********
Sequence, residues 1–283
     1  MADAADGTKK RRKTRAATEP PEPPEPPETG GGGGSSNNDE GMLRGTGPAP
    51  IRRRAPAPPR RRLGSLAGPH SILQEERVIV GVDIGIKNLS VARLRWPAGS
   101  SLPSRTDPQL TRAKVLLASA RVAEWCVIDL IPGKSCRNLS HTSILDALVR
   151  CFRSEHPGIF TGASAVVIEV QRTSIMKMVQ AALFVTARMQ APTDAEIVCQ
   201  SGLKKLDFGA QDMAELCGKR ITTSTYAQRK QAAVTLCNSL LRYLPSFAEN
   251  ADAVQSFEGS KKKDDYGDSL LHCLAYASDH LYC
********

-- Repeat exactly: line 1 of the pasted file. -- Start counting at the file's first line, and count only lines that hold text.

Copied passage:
Sequence, residues 1–283